Holding The Line: How Britain's Railways Were Saved
At its zenith, the British railway network was 21,000 route miles long, twice its present size. Yet it now carries more passenger miles than at its fullest extent and urgently needs more capacity to grow further. The massive reduction in Britain's national railway network resulted from a sustained campaign by a number of individuals, who believed that railways had had their day, that economies had to be made and that you could not stop what they saw as 'progress'.
Although the process of railway closure started early, the pace accelerated during the 1950s and peaked in the years following the Beeching report- The Reshaping of British Railways - published in early 1963. However, it could have been even worse. Original research by the authors reveals plans to reduce the size of the railway network further and an assumption, in the early 1990s, that market forces would shrink the network where Government policies had failed. Had these been implemented, only a handful of lines would have remained with the network destroyed forever.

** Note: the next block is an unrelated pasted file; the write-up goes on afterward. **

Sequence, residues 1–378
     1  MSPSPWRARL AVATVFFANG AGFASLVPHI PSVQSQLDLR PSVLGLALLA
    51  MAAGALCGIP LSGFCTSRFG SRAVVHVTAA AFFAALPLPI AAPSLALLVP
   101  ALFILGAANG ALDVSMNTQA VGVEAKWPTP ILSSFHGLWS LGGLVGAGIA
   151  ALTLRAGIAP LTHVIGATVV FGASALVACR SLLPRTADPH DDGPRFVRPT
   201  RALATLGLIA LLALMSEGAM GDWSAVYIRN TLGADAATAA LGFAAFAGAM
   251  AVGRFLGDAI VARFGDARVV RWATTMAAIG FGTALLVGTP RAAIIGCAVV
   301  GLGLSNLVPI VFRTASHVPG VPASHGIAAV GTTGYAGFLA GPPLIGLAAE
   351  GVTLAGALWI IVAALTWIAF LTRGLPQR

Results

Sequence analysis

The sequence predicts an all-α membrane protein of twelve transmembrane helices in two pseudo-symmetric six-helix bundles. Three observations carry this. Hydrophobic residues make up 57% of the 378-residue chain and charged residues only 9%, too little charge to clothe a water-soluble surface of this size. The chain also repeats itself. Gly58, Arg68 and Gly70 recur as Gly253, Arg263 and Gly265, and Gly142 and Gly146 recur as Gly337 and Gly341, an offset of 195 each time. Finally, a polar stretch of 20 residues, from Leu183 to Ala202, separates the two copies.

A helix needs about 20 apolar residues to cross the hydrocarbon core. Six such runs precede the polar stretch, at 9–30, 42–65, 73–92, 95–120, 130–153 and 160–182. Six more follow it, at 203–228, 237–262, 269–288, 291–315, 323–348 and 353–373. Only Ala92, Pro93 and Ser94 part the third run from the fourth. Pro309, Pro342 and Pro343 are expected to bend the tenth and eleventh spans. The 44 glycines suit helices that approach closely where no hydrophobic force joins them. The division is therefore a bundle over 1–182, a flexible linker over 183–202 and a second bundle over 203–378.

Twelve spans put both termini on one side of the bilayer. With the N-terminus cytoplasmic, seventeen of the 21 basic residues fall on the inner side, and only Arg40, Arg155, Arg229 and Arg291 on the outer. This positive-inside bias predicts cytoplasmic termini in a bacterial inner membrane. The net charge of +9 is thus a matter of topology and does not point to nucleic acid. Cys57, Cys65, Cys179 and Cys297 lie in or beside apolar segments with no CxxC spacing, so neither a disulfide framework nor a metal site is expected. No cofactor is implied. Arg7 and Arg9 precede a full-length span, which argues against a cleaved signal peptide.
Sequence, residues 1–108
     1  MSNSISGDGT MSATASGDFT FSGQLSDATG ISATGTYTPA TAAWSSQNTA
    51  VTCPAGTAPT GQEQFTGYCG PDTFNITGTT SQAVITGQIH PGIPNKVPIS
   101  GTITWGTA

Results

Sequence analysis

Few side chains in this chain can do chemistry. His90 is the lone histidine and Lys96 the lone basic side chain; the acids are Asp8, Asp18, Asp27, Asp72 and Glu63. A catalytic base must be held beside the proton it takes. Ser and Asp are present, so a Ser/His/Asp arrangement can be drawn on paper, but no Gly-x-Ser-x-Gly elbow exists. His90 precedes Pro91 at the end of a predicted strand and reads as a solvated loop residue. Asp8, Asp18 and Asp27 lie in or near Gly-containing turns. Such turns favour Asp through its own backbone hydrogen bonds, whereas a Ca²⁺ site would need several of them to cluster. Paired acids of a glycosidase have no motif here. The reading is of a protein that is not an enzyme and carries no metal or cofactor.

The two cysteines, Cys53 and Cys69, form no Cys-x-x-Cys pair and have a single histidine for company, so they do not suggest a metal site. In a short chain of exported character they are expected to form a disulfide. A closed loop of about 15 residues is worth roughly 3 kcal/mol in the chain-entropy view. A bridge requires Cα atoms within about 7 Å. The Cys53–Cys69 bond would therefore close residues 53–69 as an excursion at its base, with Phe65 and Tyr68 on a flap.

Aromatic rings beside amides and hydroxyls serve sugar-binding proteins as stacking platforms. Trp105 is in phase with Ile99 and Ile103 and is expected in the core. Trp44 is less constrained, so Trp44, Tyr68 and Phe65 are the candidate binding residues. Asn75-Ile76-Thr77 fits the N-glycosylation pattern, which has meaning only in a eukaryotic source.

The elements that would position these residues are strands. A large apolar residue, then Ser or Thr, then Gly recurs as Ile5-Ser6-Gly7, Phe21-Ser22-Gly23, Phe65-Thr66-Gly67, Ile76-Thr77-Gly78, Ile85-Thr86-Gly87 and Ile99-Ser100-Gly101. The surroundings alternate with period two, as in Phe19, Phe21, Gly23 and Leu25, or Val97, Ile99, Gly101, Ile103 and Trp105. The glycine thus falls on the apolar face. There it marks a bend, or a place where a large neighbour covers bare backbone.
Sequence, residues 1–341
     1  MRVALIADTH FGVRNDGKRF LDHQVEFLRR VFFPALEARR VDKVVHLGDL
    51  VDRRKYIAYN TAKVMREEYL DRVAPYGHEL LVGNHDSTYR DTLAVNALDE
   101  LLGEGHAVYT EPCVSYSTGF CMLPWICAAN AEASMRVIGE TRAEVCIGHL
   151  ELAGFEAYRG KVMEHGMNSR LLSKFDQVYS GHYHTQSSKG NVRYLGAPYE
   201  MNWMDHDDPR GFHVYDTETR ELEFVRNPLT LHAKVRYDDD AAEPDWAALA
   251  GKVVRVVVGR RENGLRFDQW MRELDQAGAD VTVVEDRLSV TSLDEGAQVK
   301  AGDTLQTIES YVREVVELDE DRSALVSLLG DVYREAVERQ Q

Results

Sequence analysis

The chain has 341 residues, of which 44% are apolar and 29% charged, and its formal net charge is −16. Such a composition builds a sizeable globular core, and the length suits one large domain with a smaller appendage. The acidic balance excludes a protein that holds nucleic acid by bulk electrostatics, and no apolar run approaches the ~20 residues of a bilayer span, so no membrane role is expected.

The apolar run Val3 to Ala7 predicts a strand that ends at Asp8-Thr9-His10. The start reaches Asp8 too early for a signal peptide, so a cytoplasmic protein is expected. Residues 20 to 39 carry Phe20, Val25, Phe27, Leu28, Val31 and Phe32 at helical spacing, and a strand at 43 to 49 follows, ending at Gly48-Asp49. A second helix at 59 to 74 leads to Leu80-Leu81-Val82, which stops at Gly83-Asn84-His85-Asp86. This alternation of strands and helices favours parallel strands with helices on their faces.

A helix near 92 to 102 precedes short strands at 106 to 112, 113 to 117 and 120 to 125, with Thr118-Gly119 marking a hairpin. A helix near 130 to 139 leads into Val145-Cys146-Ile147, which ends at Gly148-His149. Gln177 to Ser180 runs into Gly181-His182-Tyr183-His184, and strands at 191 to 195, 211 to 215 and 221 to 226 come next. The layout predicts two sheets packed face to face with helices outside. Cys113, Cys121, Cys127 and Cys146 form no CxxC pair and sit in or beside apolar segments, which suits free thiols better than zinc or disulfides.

The past is vital to understanding today's railway as the industry struggles to meet the demands made of it. Trimming at the margins remains a compelling argument for policy makers unaware of history, and the risk remains that mistakes could be repeated.
Drawing upon a wide range of documents, including cabinet papers, Holding the Line is an explosive account of how close the railway industry came to being eviscerated and how the dangers of 'closure by stealth' still exist in the contemporary age.